Mel Kleiman Making Interviewing Meaningful

In HR Daily Advisor, consultant Mel Kleiman offers tips for interviewing and hiring the right people.

  • Try this interview question, Kleiman suggests: “On a scale of 1 to 10, how would you rate yourself (on skills … teamwork … whatever)? 8.5? What makes you an 8.5? What would it take to get you to rate a 9?
  • Never write down something negative at the time the applicants say it, says Kleiman. They are watching your body language, they will be unnerved, and they won’t share anything else. It’s a better tactic to wait until the applicant says something positive, and then write down the negative thing, Kleiman suggests.
  • “Tell me about your last job” is a good question, Kleiman says, but it’s for the phone screen. At the interview, ask, “Tell me about the first thing you did to earn money.” “And then you moved on …?” This will be much more interesting than what the person says about the most recent job.
  • Absolute number one source of great employees—those who have left the company and come back. Kleiman asks, Do you have a process for staying in touch with former employees?
  • Don’t hire for skills, hire for talent.
  • Kleiman’s formula for understanding how important it is to hire eagles, not turkeys:  3 bad workers = 1 OK worker
    • 3 OK workers= 1 good worker
    • 3 good workers = 1 great worker

Click here to view source and complete article.

Winner Announced

Congratulations to Will Newton of H & W Printing in Marietta, Georgia for winner first place in our first College Pick Em Pool.   His win was slightly over second place winner, Mike Wetherington with Lockwood Quality Demolition in Jacksonville, Florida.  Both will enjoy a week’s stay at our beautiful retreats in Maggie Valley, North Carolina and Kissimmee, Florida.  Enjoy!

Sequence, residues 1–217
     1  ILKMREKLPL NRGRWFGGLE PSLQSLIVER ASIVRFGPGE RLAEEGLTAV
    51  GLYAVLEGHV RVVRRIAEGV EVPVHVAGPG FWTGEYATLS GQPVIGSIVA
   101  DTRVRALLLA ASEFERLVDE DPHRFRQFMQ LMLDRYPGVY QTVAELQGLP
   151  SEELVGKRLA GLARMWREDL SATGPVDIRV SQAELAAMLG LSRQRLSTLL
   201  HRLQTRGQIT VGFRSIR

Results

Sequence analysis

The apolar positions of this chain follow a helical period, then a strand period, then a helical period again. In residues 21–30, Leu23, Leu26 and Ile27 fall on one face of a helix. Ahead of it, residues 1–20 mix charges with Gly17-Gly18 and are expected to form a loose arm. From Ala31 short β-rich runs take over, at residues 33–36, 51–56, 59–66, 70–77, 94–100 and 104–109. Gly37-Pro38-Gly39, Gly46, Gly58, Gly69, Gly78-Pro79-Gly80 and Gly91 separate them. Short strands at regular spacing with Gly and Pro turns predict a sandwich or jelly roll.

OSHA releases Top 10 Violations

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While the violations on the annual OSHA Top 10 list don’t typically change from year to year, experts say they should serve as a reminder to employers to learn how they can appropriately apply the safety standards in their workplaces.

The preliminary annual list of OSHA’s most frequently cited workplace safety violations was released at a recent meeting of the National Safety Council. They are:

  • Fall protection — general requirements (1926.501). Total violations: 7,250.
  • Hazard communication (1910.1200). Total violations: 4,696.
  • Scaffolding (1926.451). Total violations: 3,814.
  • Respiratory protection (1910.134). Total violations: 2,371.
  • Ladders (1926.1053). Total violations: 2,310.
  • Machine guarding (1910.212). Total violations: 2,097.
  • Powered industrial trucks (1910.178). Total violations: 1,993.
  • Electrical — wiring methods (1910.305). Total violations: 1,744.
  • Lockout/tagout (1910.147). Total violations: 1,572.
  • Electrical — general requirements (1910.303). Total violations: 1,332

source: Risk and Insurance Online

FUTA Credit Reductions in 2012

Bloomberg BNA (11/26/12) Vanessa Walts

Employers in some states could pay more in unemployment taxes in 2012 due to the states’ failure to repay federal loans. Employers in affected states would have to pay additional taxes by January 31, 2013.

Employers pay federal unemployment tax (FUTA) on the first $7,000 of income earned by each employee. The FUTA tax rate of 6% (as of July 1, 2011) is offset by a 5.4% credit if employers pay into their state unemployment tax fund. As a result, the net FUTA tax for most employers is 0.6%. Full Story Available

Minimum Wage Increases 2013

On January 1st minimum wage will increase in ten states including Colorado, Florida, and Missouri. These increases are in place to help adjust for inflation increases in various states.  Click here for state specific changes. 


Top Immigration Mistakes Employers Made in 2012

JDSupra (11/21/12) Shannon R. Stevenson

The U.S. Department of Labor required companies to pay civil penalties, fines, and back wages for a number of errors made this year with regard to immigrant workers, making it important for employers to conduct immigration self-audits to avoid making the same mistakes. Some of the most common mistakes include failing to pay the proper wages to H-1B workers, by requiring them to pay H-1B government filing fees; failing to comply with state E-Verify laws; and neglecting to inform employees of how to contest initial data mismatches in E-Verify, causing the system to issue an erroneous final response deeming the employee unauthorized to work in the U.S. Companies also violated Form I-9 document rules by failing to properly complete Forms I-9 or requiring noncitizen employees to provide more or different documents and submit to a more extensive review process than U.S. citizen.     Full Story Available